Canadian carrier WestJet Airlines revealed in June this year that it had selected London’s Gatwick Airport for the growth of its long-haul network and the first transatlantic destination for its Boeing 767 fleet from summer 2016. However, the scale of its planned operation to the UK capital is much larger than many predicted as it this week opened reservations for six new routes between Canada and the UK which will be served with a combined 28 weekly flights
As revealed exclusively by our schedules blog, Airline Route, on the morning of September 14, 2015, WestJet plans to introduce flights to London Gatwick from Calgary, Edmonton, St John’s, Toronto, Vancouver and Winnipeg, the latter’s first regular transatlantic service to the UK since Zoom Airlines served the market in September 2008.
According to its uploaded flight schedules in FLIFO (Flight Information), WestJet will utilise three 767-300ERs and a single 737 on its London schedule, which commences from the start of May. The carrier will use the widebodied jets to offer a daily service from Toronto, six times weekly link from Vancouver, twice weekly offering from Edmonton and a weekly flight from Winnipeg. The 737 will be used on a daily service from St John’s in Newfoundland.
A formal announcement from WestJet on its extensive London schedule was made on September 15, 2015. "Canadians have been paying far too much to fly to Europe for far too long and today, as we have throughout our history, we're going to fix that," said Bob Cummings, executive vice-president, commercial, WestJet Airlines. "We are offering non-stop flights at very low prices and we're proud to once again lower airfares and make travel more affordable."
Earlier this year Cummings noted that the introduction of widebody capability "now allows us to serve London Gatwick from anywhere in Canada" and brings into consideration more international destinations in the future for the carrier.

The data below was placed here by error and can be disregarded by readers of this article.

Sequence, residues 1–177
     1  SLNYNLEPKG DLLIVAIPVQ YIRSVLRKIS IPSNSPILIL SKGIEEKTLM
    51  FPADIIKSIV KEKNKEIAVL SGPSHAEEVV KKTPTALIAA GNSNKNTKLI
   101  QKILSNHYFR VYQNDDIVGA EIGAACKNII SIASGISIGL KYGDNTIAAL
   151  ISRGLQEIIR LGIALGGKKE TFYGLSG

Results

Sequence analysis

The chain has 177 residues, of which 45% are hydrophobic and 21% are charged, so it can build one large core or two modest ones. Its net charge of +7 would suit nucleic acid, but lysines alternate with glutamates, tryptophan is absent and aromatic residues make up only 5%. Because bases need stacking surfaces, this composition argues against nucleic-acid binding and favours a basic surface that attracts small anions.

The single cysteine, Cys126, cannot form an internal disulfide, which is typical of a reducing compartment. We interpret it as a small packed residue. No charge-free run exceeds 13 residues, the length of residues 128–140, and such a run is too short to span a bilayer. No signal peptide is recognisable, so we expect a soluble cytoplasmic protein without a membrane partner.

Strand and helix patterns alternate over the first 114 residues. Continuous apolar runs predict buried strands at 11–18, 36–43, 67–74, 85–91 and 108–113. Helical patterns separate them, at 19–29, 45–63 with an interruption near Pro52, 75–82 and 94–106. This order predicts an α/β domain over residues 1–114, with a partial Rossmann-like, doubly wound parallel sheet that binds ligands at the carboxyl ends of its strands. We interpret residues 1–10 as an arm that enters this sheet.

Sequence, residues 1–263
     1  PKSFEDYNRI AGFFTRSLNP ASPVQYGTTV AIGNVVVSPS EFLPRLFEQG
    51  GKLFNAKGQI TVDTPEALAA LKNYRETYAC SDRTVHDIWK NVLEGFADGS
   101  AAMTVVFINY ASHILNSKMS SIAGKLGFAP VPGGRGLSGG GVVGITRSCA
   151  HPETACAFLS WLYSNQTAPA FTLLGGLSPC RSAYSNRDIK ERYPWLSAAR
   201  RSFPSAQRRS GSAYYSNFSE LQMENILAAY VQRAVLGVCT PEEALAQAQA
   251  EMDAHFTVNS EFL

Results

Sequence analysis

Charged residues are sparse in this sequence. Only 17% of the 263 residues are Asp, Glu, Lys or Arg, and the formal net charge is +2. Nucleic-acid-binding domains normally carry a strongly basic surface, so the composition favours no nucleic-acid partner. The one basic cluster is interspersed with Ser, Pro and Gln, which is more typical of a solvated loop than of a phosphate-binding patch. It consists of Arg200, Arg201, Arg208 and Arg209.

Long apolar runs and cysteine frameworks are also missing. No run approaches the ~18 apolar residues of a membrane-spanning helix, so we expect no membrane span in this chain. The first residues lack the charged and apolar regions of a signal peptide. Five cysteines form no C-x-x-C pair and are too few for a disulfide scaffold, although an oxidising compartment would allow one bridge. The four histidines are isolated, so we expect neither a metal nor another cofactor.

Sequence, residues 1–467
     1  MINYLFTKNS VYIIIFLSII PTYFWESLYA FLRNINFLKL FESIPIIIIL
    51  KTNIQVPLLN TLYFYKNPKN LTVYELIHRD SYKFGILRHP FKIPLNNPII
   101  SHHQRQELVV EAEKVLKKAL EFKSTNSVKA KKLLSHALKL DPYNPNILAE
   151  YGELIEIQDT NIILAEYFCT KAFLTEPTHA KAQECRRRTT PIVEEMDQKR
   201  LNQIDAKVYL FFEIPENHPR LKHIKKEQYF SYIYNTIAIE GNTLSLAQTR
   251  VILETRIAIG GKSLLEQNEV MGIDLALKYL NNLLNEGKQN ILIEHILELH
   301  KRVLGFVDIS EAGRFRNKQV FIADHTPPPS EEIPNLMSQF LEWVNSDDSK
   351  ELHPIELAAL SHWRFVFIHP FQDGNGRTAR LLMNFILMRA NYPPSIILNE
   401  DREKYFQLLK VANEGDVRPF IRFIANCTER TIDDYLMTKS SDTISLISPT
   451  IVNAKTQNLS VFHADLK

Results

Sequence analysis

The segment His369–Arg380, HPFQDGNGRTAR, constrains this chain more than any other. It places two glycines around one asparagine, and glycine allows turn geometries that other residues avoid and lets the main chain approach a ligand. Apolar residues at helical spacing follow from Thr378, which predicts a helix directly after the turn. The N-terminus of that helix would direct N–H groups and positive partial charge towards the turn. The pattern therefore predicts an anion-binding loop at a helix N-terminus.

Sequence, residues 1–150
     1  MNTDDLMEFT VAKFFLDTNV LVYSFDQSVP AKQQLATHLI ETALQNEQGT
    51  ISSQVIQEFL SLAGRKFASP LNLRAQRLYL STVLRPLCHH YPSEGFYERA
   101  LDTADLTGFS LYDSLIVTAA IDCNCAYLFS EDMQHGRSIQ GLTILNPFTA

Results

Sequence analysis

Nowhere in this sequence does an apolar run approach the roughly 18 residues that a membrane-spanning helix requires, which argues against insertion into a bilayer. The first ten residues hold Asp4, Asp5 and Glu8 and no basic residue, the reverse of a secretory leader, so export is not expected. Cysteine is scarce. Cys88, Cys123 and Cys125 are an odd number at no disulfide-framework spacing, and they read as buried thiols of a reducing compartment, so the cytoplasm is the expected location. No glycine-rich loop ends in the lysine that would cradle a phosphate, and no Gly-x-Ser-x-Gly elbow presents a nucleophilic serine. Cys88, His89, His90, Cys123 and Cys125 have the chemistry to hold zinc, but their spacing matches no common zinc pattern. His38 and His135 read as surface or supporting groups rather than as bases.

The airline is in the process of introducing four second-hand 767-300ERWs into its fleet initially on routes within Canada and into the Caribbean from the end of the year. However, over the last 12 months it has been talking to airports, including many in Europe, with view to redeploy these aircraft into new markets from spring 2016, mainly across the Atlantic as the next phase in the international portion of our strategic plan.
"We are at the right scale to make this step in our evolution. Combined with our low-cost approach and renowned people-driven service, we have the network, brand and infrastructure to successfully enter and grow in the widebody market,” said Cummings.
The London market is already linked directly to eight points across Canada with services to Gatwick is currently offered by leisure carrier Air Transat to Calgary, Gander, Montreal, Toronto and Vancouver, while the Canadian cities of Halifax, Ottawa, St John’s are also served non-stop from London Heathrow.
The London schedule utilises three 767s and suggests that a further announcement could be expected from WestJet on its summer 2016 long-haul schedule plans and the final deployment of the last of the four aircraft. The airline is configuring its 767 fleet in a two-class arrangement, including a 24 seat Plus cabin, offering wider seats with more recline in a 2-2-2 configuration. There will be a further 238 seats in the main cabin, and all seats having access to power sources for personal electronic devices such as tablets or phones.
Our analysis of Sabre Airport Data Intelligence demand statistics shows that an estimated 1.9 million passengers flew between Canada and the UK in 2014, a market WestJet debuted in earlier this year with flights between Halifax and Glasgow. This two-way demand is dominated by flows to/from Toronto (44.4 per cent), but there are notable flows from all the markets that will be linked to London by WestJet.